login: pi
password: raspberry

For more complete details of updating the firmware, see…

I’ll summarize the steps here. Using the keyboard and monitor attached to the Pi 4, manually type in the following commands:

sudo apt-get update && sudo apt-get dist-upgrade -y

sudo rpi-update

sudo rpi-eeprom-update -a

That’s it!

Create the 64-bit Ubuntu SD card

Now that we’ve gotten the work of updating the firmware out of the way, we’re free to move forward with getting Ubuntu installed. We’re going to do this on a separate SD card, as we would like to keep our Raspbian OS for any future firmware updates.

Begin by getting the unofficial Ubuntu image from:

If you run into a problem with the ‘.xz’ file, you may need to unzip it and re-zip it to ‘.zip’ file format. I had to do this because my ancient Samsung laptop that I use for low-level tasks like burning SD cards does not understand ‘.xz’ files (nor will it ever!)

Having downloaded the Ubuntu binary image, we then burn it to the SD card:

sudo unzip -p /home/jjordan/tmp/ | sudo dd of=/dev/sdb bs=4M conv=fsync

Transfer the SD card to the Pi 4 and it should boot into Ubuntu!… But, no WiFi yet, of course!

Bring up WiFi

In more recent incarnations of Ubuntu, the way WiFi is configured has changed. If you’re going from Ubuntu 16.04 to 18.04, you will need to get on-board (forgive the pun) with this new method. Not to worry, it’s really simple.

For an overview of this method, known as “netplan”, here’s a good reference:

To setup the Pi 4 WiFi, we simply edit the following file:

ubuntu@ubuntu:~$ cat /etc/netplan/50-cloud-init.yaml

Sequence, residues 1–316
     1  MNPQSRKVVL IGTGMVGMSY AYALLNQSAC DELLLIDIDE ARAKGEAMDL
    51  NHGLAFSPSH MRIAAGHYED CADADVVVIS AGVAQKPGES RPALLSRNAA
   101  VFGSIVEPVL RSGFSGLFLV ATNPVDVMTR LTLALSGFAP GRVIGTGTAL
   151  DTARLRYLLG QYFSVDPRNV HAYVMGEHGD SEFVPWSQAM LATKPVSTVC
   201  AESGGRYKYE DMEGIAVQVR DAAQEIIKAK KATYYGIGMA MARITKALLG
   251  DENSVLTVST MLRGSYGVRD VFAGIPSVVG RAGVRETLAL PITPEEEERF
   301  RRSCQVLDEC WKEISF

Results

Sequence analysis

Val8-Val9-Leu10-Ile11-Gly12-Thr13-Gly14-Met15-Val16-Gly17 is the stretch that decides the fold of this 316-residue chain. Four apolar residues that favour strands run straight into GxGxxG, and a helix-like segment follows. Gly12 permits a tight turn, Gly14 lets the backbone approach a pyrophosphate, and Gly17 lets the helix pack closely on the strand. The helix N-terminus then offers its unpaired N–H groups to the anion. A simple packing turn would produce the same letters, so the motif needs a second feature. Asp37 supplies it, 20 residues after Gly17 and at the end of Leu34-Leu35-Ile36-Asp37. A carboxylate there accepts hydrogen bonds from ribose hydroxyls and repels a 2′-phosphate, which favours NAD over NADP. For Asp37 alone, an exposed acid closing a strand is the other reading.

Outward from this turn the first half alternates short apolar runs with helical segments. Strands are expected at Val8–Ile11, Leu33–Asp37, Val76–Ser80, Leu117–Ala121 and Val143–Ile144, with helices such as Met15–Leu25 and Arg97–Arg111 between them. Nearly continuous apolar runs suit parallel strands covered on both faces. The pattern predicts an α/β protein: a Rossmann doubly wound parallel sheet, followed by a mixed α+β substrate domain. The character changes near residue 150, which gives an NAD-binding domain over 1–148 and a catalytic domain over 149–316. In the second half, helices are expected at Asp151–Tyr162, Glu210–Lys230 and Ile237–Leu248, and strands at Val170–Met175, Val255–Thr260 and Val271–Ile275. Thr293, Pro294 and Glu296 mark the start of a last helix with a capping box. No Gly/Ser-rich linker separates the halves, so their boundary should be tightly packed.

# This file is generated from information provided by
# the datasource.  Changes to it will not persist across an instance.
# To disable cloud-init's network configuration capabilities, write a file
# /etc/cloud/cloud.cfg.d/99-disable-network-config.cfg with the following:
# network: {config: disabled}
            dhcp4: true
                macaddress: dc:a6:32:27:8e:41
            set-name: eth0
    version: 2

            dhcp4: yes
            dhcp6: no
                    password: xxx

Ignore the confusing comment about changes not persisting across an instance. It’s not relevant to our situation. Just set the WiFi SSID and password, then reboot. The above example shows how to change the file given the following:

password: xxx

Simply change to above to suit whatever your WiFi credentials happen to be.

Reboot your Pi 4. WiFi is up!

Install ROS on Raspberry Pi 4B

We’re finally ready to Install ROS on Raspberry Pi 4B! For more complete information, see…

Here’s the quick summary of the steps:

sudo sh -c ‘echo “deb $(lsb_release -sc) main” > /etc/apt/sources.list.d/ros-latest.list’

sudo apt-key adv –keyserver ‘hkp://’ –recv-key C1CF6E31E6BADE8868B172B4F42ED6FBAB17C654

sudo apt update

Deviating from my previous installs (Indigo and Kinetic, where I used ‘sudo apt-get install ros-kinetic-robot’):

sudo apt install ros-melodic-ros-base

sudo rosdep init
rosdep update

echo “source /opt/ros/melodic/setup.bash” >> ~/.bashrc
source ~/.bashrc

sudo apt install python-rosinstall python-rosinstall-generator python-wstool build-essential

sudo apt install ros-melodic-slam-gmapping
sudo apt install ros-melodic-navigation

Update (07/03/2020):

On running hector mapping, I had the following problem:

ERROR: cannot launch node of type [joint_state_publisher/joint_state_publisher]: joint_state_publisher

The above is no doubt because I did a ‘base’ install, not a ‘robot’ install!

sudo apt install ros-melodic-robot

… after which, it’s working fine.

That’s all. We’re done!